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Hearst UK chief Anna Jones on the enduring power of print magazines

If a 169-year-old, high-society magazine can sustain readers in the US, reports The Guardian, chances are it might also sell a few copies in the UK – a country where a phrase such as “What to wear riding” is still click-fodder for the upper crust.

Nevertheless, it was a brave move by Anna Jones, the recently installed CEO of Hearst UK, to launch Town and Country last May, with circulations falling fast and the future of magazines looking ever more uncertain.

As a woman under the age of 40 at the top of an industry whose boardrooms are dominated by middle-aged men, Jones isn’t afraid of bucking trends. She tells The Guardian she thinks all Hearst’s UK magazines have a future in print: “I get frustrated that everybody talks about the print business in the same way and lumps magazines and newspapers together when they’re actually quite different beasts.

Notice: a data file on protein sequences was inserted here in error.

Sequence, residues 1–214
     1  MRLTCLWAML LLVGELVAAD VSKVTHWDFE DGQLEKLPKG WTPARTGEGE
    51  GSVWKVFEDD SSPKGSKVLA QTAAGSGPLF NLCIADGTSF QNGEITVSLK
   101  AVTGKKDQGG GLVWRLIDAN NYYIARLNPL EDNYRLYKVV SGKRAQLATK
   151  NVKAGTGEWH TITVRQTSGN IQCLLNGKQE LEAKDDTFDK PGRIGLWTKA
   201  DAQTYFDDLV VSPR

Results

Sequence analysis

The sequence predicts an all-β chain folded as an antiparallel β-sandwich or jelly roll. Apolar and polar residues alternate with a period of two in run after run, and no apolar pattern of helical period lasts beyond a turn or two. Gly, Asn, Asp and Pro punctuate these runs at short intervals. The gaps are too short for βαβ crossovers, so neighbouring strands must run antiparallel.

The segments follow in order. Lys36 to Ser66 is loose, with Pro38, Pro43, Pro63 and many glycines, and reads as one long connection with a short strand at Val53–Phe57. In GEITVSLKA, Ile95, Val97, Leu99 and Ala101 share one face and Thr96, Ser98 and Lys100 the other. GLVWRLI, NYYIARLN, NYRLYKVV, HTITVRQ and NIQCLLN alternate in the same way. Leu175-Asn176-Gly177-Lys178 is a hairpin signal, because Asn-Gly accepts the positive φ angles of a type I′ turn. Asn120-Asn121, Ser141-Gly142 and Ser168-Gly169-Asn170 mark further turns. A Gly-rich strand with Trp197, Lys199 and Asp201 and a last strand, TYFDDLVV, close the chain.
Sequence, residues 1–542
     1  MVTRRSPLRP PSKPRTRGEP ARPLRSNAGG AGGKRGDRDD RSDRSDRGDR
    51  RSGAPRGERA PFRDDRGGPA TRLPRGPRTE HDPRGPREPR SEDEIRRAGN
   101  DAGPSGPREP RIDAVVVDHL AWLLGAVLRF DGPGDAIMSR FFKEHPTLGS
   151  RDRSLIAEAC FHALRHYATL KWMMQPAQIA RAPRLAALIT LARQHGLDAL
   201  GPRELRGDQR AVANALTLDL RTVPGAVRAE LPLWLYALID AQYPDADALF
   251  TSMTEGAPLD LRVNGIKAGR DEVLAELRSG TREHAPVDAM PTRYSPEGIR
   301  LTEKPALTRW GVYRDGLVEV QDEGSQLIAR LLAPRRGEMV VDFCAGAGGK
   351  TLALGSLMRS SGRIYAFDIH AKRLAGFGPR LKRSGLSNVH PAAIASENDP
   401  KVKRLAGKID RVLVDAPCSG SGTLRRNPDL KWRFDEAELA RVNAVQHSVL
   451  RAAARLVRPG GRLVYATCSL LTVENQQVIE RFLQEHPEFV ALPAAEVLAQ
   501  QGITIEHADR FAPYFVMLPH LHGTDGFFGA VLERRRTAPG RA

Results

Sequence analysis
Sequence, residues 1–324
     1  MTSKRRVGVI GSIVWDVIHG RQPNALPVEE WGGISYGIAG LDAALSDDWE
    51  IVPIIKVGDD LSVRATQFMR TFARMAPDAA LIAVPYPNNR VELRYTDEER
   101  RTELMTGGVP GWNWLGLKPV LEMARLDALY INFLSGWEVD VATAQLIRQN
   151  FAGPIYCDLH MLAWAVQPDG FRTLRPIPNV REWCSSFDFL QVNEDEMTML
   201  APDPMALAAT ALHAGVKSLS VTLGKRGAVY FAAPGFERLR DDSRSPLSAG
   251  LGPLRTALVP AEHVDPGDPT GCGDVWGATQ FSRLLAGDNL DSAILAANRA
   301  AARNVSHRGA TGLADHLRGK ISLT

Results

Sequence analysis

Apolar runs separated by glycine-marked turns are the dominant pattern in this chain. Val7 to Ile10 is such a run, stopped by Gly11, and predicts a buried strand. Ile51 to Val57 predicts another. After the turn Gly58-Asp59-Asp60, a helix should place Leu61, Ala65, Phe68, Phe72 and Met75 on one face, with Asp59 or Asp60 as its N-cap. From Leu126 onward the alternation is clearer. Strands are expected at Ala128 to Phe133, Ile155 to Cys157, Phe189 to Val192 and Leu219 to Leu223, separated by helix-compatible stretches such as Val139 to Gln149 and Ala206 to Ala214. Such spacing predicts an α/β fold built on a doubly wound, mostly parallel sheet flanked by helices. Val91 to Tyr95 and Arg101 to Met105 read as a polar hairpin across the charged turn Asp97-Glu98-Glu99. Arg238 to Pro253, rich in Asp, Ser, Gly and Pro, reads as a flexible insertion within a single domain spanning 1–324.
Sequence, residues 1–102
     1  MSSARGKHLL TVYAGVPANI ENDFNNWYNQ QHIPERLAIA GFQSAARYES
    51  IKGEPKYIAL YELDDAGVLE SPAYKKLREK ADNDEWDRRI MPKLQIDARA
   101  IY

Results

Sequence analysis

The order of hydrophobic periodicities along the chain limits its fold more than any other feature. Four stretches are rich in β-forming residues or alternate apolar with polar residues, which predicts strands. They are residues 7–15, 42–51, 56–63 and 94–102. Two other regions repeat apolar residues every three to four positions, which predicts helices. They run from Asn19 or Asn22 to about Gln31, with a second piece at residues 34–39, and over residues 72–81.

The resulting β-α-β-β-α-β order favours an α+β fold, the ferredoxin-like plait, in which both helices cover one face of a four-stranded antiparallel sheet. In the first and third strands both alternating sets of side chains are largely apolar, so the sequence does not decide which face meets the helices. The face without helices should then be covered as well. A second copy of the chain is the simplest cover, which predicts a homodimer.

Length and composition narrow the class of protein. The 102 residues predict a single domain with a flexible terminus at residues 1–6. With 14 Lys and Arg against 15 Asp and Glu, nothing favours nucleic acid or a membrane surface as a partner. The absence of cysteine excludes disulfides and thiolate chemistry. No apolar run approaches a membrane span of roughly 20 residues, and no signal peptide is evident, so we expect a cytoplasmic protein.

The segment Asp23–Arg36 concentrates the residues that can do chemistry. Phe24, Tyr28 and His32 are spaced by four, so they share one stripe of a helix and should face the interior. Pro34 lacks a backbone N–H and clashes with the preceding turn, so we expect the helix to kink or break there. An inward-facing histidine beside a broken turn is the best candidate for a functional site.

“We have quite a number of titles that are selling more year-on-year. I think all of our titles have a future in print.”

While it is true that some of Hearst’s best known British brands are experiencing rising circulations – including Good Housekeeping, Prima, Country Living, Women’s Health – other well-known ones are suffering sharp falls: Cosmo fell 8.97 per cent year-on-year last year. Jones says: “Certain areas of our business are impacted more than others by the newsstand decline. It broadly is the newsstand that is the challenged part for us. The weekly market is quite tough.”

Read the rest of this story at The Guardian.

Hearst is a FIPP member.

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